Here’s how Congress can still deny Trump money for his wall – Washington Examiner
President Trump declared a national emergency with the express goal of circumventing Congress’s constitutional power of the purse and getting more than the $1.375 billion that lawmakers were willing to give him for his wall.
But even Trump’s declaration of an emergency does not hand him the keys to an unlimited slush fund. Indeed, as Roll Call explained on Thursday night, Trump will still need congressional approval to access as much as one-third of the funds that he had planned on using for the wall. For example, the Trump administration had planned to pull some $2.5 billion from Pentagon counterdrug funds. Although Trump is allowed to use that money under federal law, he can only spend money that’s actually in the account and, right now, there’s only $85 million there.
To make up the difference, the Defense Department is likely to try to reprogram money to the counterdrug fund, which could then be immediately pulled and used for the wall. But any attempt to reprogram the funds would run headlong into Congress.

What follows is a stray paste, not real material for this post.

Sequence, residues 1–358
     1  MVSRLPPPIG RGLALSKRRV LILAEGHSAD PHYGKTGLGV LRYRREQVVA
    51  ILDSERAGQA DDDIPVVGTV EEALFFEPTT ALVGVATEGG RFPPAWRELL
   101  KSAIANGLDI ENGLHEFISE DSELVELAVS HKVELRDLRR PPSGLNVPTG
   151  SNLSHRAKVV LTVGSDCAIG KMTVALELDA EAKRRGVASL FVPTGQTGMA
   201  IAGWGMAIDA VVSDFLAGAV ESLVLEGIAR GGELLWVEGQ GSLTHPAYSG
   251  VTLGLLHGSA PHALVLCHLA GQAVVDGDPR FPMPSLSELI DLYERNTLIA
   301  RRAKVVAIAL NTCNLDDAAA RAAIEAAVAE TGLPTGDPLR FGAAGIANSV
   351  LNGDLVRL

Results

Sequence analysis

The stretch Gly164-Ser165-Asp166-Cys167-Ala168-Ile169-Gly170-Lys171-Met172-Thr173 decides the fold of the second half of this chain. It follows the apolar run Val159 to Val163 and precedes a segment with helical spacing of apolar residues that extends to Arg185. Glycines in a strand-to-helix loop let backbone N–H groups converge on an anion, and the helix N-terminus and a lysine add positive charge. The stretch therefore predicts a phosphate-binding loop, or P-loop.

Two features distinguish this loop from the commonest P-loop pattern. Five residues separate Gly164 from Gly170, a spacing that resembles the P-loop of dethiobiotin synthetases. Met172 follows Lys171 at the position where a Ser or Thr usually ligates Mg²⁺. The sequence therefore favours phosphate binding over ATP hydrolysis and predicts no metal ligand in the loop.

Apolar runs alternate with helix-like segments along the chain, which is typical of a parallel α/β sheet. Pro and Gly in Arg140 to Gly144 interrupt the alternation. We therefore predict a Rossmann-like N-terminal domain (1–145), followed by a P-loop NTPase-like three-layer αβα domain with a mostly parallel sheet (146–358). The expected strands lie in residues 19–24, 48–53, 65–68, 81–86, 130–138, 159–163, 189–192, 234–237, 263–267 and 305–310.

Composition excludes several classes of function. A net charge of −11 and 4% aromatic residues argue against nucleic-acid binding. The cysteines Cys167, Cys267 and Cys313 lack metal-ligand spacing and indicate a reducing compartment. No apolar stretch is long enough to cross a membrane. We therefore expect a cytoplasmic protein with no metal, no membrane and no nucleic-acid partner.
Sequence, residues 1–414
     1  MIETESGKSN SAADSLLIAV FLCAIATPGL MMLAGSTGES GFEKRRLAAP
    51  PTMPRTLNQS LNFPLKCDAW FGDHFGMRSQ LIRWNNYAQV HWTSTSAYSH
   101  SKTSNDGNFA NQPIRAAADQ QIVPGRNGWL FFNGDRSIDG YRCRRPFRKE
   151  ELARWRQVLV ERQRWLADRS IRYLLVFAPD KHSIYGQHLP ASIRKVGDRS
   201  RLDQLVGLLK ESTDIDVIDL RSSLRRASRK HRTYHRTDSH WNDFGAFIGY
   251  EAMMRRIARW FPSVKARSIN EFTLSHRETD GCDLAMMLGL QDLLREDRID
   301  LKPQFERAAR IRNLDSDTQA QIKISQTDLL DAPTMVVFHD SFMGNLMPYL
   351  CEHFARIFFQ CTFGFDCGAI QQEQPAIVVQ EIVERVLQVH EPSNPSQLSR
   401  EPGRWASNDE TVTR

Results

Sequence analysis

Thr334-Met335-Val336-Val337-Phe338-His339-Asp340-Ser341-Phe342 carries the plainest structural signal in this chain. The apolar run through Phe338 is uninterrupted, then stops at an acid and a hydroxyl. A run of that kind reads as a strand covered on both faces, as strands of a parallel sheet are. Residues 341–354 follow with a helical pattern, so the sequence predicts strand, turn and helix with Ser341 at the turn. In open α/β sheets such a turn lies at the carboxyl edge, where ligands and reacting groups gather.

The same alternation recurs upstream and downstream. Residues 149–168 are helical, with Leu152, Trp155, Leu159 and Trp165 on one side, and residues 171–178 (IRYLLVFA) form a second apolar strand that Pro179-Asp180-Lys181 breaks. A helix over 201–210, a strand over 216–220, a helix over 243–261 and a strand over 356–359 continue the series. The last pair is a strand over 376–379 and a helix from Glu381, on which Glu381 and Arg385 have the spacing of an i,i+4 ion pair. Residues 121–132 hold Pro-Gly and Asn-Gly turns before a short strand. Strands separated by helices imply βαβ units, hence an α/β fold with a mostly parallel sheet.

That leaves Trump right back where he started — needing Congress to give him money for his wall.
Congress should not play along, lest it lend implicit approval to a president’s desire to simply cut Congress out of the picture when he doesn’t get what he wants. The wall’s merits aside, no lawmaker of any party should support the president’s efforts to override Congress by freely transferring funds for him to plunder. In fact, far from bending over backwards to meet the president’s will, Congress should be working to take back the power that it has previously ceded to the executive.